Nothing to fear but fear itself
What is the most worrying story in this week's newspapers: The GM food scare? The mobile phones scare? Revived fears about beef on the bone? The HEA's new 'shock' campaign on sunbathing and skin cancer? No. To those genuinely concerned about the nation's current and future well-being, today's most alarming story is a brief report in the Evening Standard headlined "Children want mayor to target street crime".
An NOP survey asked about 200 London children aged between seven and 16: "If you were mayor, what would you change to make your area a better place for children and young people to live?" The majority responded that they would make the streets "less dangerous". A spokesman for the Children's Society, which commissioned the survey, said the results showed that "safety and security on the streets is an obvious priority" for the capital's children.
The children's response is worrying, not because it reveals any increase in the actual dangers faced by young people, but because it indicates that children are increasingly affected by the culture of fear, risk-aversion and worship of safety which have become the defining characteristics of contemporary society.
The current climate of pervasive anxiety is associated with lowered expectations, a trend clearly reflected in the children's responses. They do not ask for more interest, excitement and fun in their lives, but merely, depressingly, for protection from vague and unspecified dangers. When asked what would make their area better for children and young people, they do not think of circuses, fairgrounds, discos or pop-festivals, but of traffic control and stranger-danger. Even those who did mention 'activities' rather than risks asked only for more "affordable" youth clubs and "cleaner" parks, not for Spice Girl concerts or thrilling theme-park rides.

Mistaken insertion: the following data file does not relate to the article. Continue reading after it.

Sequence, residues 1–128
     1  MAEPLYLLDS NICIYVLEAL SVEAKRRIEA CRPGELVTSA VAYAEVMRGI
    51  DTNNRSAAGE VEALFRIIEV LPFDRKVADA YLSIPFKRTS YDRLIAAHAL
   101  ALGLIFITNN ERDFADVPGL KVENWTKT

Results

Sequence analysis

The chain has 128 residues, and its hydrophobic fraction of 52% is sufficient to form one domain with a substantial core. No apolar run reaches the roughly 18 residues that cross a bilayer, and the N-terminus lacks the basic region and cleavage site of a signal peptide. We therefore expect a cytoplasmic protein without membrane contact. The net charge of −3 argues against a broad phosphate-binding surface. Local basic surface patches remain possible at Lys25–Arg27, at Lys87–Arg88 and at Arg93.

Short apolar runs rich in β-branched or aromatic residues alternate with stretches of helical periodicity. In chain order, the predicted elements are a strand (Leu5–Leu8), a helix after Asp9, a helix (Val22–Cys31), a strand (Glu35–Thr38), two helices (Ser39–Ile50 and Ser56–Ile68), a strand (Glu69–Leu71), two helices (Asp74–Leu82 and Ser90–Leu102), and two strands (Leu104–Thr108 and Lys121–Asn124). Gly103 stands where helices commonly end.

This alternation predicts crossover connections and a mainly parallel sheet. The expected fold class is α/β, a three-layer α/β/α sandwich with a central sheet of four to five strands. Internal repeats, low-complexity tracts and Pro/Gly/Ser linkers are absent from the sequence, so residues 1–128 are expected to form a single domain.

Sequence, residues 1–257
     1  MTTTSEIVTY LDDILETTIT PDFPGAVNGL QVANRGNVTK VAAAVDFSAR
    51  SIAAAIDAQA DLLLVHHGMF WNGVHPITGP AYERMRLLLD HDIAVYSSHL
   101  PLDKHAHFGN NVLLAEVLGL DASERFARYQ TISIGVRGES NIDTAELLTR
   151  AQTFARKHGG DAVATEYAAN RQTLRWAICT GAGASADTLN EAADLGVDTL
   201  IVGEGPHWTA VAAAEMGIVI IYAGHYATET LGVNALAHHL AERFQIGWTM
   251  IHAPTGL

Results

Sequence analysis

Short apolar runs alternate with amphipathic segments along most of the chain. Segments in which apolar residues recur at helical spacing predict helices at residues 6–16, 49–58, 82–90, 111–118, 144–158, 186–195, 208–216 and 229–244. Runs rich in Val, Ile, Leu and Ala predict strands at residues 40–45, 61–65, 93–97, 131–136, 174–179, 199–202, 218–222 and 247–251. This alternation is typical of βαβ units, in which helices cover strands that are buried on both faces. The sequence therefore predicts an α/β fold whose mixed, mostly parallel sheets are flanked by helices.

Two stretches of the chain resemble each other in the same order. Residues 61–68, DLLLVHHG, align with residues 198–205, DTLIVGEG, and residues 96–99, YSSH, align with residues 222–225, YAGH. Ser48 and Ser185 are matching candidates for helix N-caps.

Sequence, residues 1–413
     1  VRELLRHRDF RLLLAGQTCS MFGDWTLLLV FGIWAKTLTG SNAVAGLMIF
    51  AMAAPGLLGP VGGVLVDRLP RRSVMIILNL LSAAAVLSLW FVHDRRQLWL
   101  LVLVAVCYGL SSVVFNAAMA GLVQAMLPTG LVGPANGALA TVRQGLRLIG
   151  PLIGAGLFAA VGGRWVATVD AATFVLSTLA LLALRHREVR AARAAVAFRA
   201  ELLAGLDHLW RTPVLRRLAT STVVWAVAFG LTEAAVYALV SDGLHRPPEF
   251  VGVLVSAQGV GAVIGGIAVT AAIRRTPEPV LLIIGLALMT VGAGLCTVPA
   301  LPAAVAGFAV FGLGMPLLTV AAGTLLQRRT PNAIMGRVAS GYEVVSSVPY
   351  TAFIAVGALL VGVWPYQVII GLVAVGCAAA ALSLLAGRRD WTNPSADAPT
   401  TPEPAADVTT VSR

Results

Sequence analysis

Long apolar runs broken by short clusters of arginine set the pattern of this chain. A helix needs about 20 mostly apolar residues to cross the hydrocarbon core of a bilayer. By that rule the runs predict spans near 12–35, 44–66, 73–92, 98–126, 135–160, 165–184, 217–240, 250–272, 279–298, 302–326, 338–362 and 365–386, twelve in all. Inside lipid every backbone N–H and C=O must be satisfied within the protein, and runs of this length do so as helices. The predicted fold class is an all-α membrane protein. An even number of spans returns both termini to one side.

We are raising, it seems, a generation of anxious, timid young people, with low expectations, stunted aspirations, little sense of enjoyment and no spirit of adventure. Yet neither the reporter covering this story nor the children's charity responsible for the survey express any concern about this trend. The Children's Society spokesman even seems to approve of the respondents' unhealthy fears and anxieties, recommending that candidates for the position of mayor of London should take note of the priority given to safety issues. SIRC would recommend, instead, that candidates focus on tackling the culture of fear which is damaging the mental health of young Londoners.
It is possible, of course, that the children surveyed were not given the chance to make more imaginative or adventurous suggestions – that the tick-boxes on the NOP questionnaire only offered options relating to safer streets, supervised youth clubs and cleaner parks. It may be that the fears and low expectations apparently expressed by the children were in fact imposed on them by the adults who designed the survey.
Either way, children are being taught to believe that the world they live in is a scary, hazardous place. Rather than giving them the skills and confidence to cope with crossing busy roads – even the Children's Society spokesman admits that their fears of strangers are largely unfounded, which leaves traffic as the only significant problem – we are teaching them to feel frightened and helpless and in need of protection. Then, when they grow up, they will know how to be scared of food, mobile phones and sunshine.